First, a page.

Supreme Court strikes down 2nd Amendment, citing National Guard marksmanship
"Seriously, have you seen them shoot?”
WASHINGTON — In a stunning precedent-breaking case, the Supreme Court has overturned the militia clause of the 2nd Amendment, citing poor National Guard weapons skills.
“For over 200 years, the right to ‘keep and bear arms as part of a well-ordered militia’ has stood in the 2nd amendment,” said Chief Justice John G. Roberts in a rare 9-0 opinion.
“This court debated if that clause limits gun ownership to just members of the militia, or the National Guard as it’s now called, or if all Americans have the right to keep and bear arms. Given recent information, this court sees that the framers were exactly wrong. This court ruled that literally, anyone but the militia should have the right to firearms because seriously, have you seen them shoot?”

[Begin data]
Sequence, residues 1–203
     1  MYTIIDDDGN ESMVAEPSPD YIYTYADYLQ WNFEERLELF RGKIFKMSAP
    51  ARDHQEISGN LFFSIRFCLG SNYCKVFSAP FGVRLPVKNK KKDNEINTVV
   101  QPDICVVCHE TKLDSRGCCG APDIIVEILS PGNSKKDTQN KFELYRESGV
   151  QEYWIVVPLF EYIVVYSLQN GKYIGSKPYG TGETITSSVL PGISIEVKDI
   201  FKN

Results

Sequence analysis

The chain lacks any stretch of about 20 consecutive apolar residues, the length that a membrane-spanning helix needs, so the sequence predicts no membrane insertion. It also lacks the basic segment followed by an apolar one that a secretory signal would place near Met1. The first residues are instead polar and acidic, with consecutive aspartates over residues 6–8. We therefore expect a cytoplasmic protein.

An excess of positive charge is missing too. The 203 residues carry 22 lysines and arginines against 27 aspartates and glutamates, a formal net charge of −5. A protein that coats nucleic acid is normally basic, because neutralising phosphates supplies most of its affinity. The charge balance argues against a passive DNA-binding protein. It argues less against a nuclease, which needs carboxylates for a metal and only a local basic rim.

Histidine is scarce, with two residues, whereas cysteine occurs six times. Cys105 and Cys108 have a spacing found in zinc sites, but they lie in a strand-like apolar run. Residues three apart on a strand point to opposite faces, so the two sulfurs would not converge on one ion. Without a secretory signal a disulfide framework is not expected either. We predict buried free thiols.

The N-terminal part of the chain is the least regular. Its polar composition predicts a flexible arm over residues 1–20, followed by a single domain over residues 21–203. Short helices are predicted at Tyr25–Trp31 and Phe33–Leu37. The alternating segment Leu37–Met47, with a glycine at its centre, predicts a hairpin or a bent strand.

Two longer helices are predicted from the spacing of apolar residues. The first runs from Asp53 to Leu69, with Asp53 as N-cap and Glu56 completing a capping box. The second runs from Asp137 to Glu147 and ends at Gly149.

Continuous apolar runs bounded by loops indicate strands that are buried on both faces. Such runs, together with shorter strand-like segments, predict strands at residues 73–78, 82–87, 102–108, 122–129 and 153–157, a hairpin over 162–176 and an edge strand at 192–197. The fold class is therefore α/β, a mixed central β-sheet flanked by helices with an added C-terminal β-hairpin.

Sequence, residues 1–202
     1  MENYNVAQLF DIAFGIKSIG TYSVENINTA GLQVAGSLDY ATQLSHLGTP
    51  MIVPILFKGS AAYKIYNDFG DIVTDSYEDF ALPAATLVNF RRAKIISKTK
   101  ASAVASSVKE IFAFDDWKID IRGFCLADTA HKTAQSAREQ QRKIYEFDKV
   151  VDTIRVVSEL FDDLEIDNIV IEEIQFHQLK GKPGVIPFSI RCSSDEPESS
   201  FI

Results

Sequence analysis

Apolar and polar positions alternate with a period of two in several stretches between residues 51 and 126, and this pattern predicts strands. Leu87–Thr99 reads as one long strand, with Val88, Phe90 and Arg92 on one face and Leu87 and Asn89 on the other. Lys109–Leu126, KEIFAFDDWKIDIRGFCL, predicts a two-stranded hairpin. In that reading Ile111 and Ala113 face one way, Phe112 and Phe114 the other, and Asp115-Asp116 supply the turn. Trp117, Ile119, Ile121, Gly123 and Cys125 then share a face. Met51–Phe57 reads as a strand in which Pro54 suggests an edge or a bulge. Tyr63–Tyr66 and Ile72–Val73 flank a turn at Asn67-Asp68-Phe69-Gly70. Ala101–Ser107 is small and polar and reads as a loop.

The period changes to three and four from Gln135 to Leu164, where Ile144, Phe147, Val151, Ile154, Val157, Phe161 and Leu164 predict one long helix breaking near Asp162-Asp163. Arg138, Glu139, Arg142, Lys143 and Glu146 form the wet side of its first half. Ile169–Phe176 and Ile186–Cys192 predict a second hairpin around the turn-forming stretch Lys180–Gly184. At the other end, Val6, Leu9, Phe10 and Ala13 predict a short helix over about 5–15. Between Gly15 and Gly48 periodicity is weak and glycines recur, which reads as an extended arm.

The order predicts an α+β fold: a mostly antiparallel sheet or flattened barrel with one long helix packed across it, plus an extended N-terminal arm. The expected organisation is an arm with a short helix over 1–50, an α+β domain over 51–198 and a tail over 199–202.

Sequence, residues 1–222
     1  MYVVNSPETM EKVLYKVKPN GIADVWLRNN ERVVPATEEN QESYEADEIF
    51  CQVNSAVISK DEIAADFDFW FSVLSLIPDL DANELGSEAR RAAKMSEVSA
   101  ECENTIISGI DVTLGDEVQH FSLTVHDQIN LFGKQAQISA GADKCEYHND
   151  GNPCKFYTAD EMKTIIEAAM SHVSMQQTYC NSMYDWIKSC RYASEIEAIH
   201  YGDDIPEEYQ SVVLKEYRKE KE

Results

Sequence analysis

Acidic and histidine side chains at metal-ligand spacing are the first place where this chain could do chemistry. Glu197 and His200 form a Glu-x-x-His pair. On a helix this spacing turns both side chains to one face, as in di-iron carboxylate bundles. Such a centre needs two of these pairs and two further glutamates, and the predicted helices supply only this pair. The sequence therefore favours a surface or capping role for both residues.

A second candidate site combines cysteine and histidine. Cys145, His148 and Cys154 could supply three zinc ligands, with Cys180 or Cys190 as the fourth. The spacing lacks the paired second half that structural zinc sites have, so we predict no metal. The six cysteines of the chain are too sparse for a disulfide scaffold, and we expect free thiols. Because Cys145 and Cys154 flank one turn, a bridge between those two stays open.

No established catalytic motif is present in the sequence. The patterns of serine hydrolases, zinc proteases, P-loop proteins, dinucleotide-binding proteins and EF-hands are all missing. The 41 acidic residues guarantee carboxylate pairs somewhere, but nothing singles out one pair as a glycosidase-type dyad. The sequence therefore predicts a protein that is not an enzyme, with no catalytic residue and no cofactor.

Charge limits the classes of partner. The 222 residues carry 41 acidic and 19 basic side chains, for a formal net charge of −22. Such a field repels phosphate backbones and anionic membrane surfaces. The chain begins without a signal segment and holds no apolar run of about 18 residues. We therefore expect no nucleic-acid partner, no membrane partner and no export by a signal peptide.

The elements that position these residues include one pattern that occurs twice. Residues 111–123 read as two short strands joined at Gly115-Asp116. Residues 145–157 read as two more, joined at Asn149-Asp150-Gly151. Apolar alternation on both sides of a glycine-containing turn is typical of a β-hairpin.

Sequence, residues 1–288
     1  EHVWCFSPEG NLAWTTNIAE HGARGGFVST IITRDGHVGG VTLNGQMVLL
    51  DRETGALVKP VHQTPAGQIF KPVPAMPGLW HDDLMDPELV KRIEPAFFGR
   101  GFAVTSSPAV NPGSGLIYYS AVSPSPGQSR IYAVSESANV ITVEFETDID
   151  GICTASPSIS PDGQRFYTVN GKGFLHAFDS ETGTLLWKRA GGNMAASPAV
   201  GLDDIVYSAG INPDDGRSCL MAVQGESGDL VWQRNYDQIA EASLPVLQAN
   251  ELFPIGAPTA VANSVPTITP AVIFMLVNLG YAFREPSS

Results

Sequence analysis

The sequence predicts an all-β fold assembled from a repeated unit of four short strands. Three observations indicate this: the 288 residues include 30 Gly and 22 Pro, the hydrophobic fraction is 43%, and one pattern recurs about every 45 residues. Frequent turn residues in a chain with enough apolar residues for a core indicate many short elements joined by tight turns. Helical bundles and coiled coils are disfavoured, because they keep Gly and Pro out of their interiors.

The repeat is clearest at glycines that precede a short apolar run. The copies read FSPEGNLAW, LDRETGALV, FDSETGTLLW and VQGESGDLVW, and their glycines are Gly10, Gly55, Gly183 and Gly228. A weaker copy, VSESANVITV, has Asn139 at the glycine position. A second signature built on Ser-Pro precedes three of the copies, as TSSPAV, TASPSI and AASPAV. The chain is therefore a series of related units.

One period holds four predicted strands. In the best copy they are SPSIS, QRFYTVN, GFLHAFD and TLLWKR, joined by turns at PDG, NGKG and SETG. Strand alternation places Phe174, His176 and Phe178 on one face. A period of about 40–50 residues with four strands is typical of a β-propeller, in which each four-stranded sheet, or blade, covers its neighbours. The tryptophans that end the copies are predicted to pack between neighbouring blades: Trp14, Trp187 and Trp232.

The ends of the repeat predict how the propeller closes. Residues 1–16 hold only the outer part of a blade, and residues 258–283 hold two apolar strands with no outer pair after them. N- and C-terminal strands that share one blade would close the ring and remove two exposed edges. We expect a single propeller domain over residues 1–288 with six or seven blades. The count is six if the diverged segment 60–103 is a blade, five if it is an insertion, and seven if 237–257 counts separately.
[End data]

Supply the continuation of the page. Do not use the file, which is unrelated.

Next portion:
Roberts added that if he wanted to see a shot group like that, he’d throw rice at a sticky rat trap.
The recent information that Roberts alluded to was a training after-action report he noticed on the computer of 1st Lt. Anthony Chin, an executive officer in the Maryland National Guard’s 220th Military Police Company and clerk to Justice Roberts after a recent drill weekend.
“This was a huge misstep,” said Gen. Daniel Hokanson, chief of the National Guard Bureau. “Chin hadn’t changed the report to list everyone who didn’t qualify at the range as being at dental yet. On the bright side, that’s one less metric we’re red on.”
The decision, which urged amending the Constitution to say “the right to keep and bear arms as part of anyone but a well-ordered militia, Jesus fuck, learn to shoot boys,” may not be constitutional or grammatically correct according to legal experts. When questioned at a recent press conference, Justice Roberts stated that Congress would have to pass a law to change if they had a problem with it.
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